The title seems harsh, doesn’t it? I know that this the post might get my inbox filled with emails from irate Beyoncé fans, but her song “Run the World (Girls)” still is, in my opinion, part of a series of popular girl’s anthems gone wrong.
It doesn’t mean that I don’t appreciate the song. Quite the contrary, I love it; the repetitiously addictive chorus of “Who run the world? Girls!” has been stuck in my head ever since I first heard it. The first few notes of it make me want to get up and boogie around the room. And who can forget Channing Tatum’s epic lip sync version and Beyoncé’s guest appearance? As for the video clip to the song, well, it serves to prove yet again that Beyoncé. Can. MOVE.
However, when it comes to sharing an empowering message, lyrics such as: “Boy I’m just playing, come here baby/Hope you still like me” and “My persuasion can build a nation/Endless power, our love we can devour/You’ll do anything for me” seem to encourage the wrong kind of empowerment.
What is, in fact, empowerment? The online Oxford dictionary tells us that empowerment is to give someone “the authority or power to do something”, and to make someone “stronger and more confident, especially in controlling their life and claiming their rights”. While making someone “do anything for [you]” definitely is a sign of strength, what will it yield in the long run? Certainly not a just and fair world in which all women and men will be empowered.
Other parts of the song seem to first build up empowerment only to strike it back down. For example, take this verse: “Boy you know you love it/How we’re smart enough to make these millions/Strong enough to bear the children/Then get back to business/See, you better not play me/Don’t come here baby/Hope you still like me.” What are we being told here? That we as women are empowered if we are smart enough to make millions, bear children, and then go back to work—and hopefully men will still like us.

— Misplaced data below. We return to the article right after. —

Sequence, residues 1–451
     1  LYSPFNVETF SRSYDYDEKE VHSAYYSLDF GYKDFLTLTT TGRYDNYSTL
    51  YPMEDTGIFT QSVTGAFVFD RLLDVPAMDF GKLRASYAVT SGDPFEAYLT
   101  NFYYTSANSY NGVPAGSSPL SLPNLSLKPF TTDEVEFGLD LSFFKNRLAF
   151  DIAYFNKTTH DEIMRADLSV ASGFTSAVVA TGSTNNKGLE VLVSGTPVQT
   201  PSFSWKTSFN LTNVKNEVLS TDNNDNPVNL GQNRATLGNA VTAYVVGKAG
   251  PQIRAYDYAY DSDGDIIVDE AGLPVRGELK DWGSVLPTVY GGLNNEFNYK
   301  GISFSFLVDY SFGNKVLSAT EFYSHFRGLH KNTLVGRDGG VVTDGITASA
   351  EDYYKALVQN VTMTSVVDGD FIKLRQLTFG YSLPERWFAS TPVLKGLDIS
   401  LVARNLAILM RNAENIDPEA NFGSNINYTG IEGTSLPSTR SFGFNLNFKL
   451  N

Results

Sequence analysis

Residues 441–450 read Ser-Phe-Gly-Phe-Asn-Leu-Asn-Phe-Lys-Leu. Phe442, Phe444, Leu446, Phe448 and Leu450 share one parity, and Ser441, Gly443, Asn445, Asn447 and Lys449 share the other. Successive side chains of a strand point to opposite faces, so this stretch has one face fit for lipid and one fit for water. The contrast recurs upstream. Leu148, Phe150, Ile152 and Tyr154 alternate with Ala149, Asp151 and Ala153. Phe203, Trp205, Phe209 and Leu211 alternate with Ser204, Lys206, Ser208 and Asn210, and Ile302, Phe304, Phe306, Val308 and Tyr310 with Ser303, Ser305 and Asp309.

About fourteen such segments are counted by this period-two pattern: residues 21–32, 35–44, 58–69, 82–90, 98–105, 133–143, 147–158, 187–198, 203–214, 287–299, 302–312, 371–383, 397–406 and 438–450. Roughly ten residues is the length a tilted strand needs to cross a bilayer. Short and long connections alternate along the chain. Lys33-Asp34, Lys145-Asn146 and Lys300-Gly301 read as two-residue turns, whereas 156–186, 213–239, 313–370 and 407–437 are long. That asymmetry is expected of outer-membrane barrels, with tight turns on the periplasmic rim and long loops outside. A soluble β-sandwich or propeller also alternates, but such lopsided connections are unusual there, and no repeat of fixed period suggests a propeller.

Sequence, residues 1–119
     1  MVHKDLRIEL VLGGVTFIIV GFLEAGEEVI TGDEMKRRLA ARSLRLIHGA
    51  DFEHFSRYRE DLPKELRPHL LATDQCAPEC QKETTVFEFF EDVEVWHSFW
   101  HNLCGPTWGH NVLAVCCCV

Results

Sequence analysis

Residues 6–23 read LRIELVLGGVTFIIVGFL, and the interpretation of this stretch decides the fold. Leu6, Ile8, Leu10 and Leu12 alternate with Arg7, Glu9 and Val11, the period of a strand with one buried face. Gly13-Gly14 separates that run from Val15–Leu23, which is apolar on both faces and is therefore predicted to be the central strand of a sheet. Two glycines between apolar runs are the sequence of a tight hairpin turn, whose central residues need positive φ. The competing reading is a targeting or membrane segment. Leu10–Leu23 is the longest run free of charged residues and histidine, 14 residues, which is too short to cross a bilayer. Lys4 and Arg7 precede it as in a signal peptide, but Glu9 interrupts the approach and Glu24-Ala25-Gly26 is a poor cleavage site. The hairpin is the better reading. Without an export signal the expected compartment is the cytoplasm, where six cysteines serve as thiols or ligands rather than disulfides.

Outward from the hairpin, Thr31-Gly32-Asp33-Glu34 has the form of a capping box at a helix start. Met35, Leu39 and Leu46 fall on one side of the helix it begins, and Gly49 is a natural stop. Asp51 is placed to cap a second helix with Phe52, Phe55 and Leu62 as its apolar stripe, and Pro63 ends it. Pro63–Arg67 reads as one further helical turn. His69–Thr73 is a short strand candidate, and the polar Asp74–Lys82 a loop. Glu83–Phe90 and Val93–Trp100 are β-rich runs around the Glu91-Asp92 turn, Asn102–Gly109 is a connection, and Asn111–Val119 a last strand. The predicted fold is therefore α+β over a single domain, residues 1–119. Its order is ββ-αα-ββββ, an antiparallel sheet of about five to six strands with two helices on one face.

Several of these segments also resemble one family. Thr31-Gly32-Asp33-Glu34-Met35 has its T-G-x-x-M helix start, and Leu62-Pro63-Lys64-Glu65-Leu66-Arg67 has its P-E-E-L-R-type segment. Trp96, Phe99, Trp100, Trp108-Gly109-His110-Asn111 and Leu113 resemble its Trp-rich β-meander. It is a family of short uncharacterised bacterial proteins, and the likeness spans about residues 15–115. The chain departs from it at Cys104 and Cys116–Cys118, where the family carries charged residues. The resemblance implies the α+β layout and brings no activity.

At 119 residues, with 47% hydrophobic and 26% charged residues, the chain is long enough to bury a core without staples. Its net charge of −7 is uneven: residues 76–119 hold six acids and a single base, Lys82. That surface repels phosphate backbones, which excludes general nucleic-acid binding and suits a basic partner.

Is this true, universal empowerment? I mean, what is the percentage of smart people who actually make millions? And, seeing as how this percentage is, is it fair to consider a song with such a lyric as an anthem for all women? Similarly, what is the percentage of women who can’t bear children? And what about the women who don’t want to bear children? What if a woman who bears children doesn’t want to go to work? Is it actually empowering to tell women that, to run the world, they have to fit a certain mould?
By the same token, a video clip that portrays women using their sex-appeal to win a war doesn’t seem to be reflective of an “enlightened” generation in which girls are empowered. In a video where she seems to channel both Nefertiti and Cleopatra, it feels all the more dissonant that Beyoncé seems to have forgotten to reflect the fact the side of these two Egyptians queens that made them formidable: their keen power of intellect used to govern an empire.
On the one hand, I agree that women do, in a way, run the world. After all, they are the primary educators of the next generation. Take this as a good investment value: if all teenage girls in the entire world were educated before they became mothers, the entire next generation would receive basic education. But on the other hand, this empowerment shouldn’t be based on sex-appeal; this empowerment shouldn’t be only for certain types of women; and this empowerment shouldn’t be at the cost of men’s very important and essential contributions.
And so, while I look up to Beyoncé’s drive, focus, and consistent hard work, to how she has beauty and talent and has created art that I appreciate and grown into an inspiring confident attitude I like, I do think that there is still work to be done with regards to her becoming an even stronger and more influential icon—by, for example, really reflecting on the idea of empowerment that she is endorsing. And let’s be honest, if someone can do it, it’s Beyoncé.